Broadband Basics: How to check what’s available

Broadband Basics: How to check what’s available

A guide for residents and businesses on checking on what broadband is available to you and your options to get connected.

Broadband in Worcestershire

In the last few years, our society has become increasingly dependent on broadband to meet a wide variety of our needs. Whether its streaming on-demand TV, online gaming, working from home or businesses providing services online, a good broadband connection has become vital. The fastest, most reliable broadband is quickly being made available across our county but it’s not available everywhere yet or customers don’t understand how they can access these new services. Read on to learn more about the different types of broadband, how to check what services you can access, how to sign-up for better services, and what you can do if the services available do not meet your needs.

Broadband Basics

The jargon can quickly get confusing when it comes to broadband so here are a few key terms to understand when you start exploring what’s available to you.

  • Download speeds: these refer to how many megabits of data per second (Mbps) you can download to allow you to access things such as films, photos, videos, and other files. For example the download speeds needed for streaming TV programmes have a recommended minimum range of 1.5Mbps to 25Mbps depending on the streaming platform and the level of definition you want to stream in. However, your requirements will quickly increase if you have multiple people and / or devices using your broadband at the same time in your household. So, if your household is streaming TV, making video calls and gaming online, you’ll need much higher speeds
  • Upload speeds: these refer to how many megabits of data per second (Mbps) you can upload, this matters when you are gaming, attaching files to emails and moving files to the cloud like when you transfer photos from your phone or back up a device. Often on ‘standard’ and ‘fibre to the cabinet’ broadband Upload speeds have been much lower than the download speeds, with newer packages on ‘fibre to the premises’ broadband the upload speeds are increasing too and in some cases can be the same (synchronous speeds)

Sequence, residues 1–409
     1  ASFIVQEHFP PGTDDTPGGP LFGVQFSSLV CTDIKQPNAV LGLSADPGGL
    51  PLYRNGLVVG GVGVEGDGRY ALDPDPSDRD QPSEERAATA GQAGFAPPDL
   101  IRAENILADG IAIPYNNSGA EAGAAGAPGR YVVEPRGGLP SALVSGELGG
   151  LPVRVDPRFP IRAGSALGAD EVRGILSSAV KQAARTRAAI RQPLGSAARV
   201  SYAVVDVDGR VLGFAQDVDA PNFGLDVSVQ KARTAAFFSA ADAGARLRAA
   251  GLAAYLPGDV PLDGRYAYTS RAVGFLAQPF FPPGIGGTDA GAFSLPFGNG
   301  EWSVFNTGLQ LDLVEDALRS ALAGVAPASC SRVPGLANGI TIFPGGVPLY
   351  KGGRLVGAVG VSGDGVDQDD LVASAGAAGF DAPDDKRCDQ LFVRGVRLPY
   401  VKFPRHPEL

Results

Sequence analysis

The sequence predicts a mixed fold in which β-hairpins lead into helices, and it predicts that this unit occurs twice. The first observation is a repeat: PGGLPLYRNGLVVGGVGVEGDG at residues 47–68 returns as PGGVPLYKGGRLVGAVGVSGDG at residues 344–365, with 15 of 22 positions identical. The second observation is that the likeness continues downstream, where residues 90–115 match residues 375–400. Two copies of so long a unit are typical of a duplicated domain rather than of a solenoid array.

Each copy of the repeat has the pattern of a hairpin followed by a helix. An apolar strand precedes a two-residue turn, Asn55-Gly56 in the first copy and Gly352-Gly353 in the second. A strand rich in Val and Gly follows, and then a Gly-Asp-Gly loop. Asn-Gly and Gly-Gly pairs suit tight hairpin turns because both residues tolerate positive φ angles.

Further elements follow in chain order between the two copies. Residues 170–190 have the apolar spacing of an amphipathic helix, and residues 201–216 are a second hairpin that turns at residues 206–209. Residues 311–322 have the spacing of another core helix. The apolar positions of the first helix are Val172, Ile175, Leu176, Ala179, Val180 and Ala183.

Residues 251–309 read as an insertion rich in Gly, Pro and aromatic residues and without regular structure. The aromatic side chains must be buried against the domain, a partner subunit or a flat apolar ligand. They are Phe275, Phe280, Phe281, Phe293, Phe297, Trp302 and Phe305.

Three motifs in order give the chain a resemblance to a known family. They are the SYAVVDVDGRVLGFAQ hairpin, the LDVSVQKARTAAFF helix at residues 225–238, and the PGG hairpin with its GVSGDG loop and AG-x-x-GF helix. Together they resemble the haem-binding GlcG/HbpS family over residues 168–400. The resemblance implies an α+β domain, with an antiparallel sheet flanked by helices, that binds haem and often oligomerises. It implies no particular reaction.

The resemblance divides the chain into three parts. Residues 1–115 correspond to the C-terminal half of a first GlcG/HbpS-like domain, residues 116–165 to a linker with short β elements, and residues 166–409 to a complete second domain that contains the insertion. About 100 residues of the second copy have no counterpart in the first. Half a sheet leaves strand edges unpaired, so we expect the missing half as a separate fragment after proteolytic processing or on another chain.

To see what speeds your current service is providing you, do an online search for “Broadband Speed Test” within an internet browser, select and run one of the free online tests.

  • Standard broadband: also known as ADSL broadband, this service uses the UK’s telephone network and has a maximum download speed of 24Mbps. However, in practice anyone using this type of technology may well get much lower speeds than this especially in rural area
  • Fibre to the cabinet (FTTC): fibre optic cables mostly replaced the old copper-based telephone network, but copper wires are used for the last part of the network from a local ‘street cabinet’ to your property. Using a copper section of wiring limits the maximum speed of this technology to 80Mbps. In reality, the speeds you receive become slower the further away you are from the street cabinet. Speeds over 24Mbps are often referred to as 'superfast'
Fibre to the cabinet and fibre to the property
  • Full fibre / Fibre to the premises (FTTP): fibre optic cables go all the way from the exchange to the premises and offer the fastest speeds available, capable of exceeding 1,000Mbps (1Gbps). These full fibre networks and others capable of 1Gbps are often referred to as ‘gigabit capable’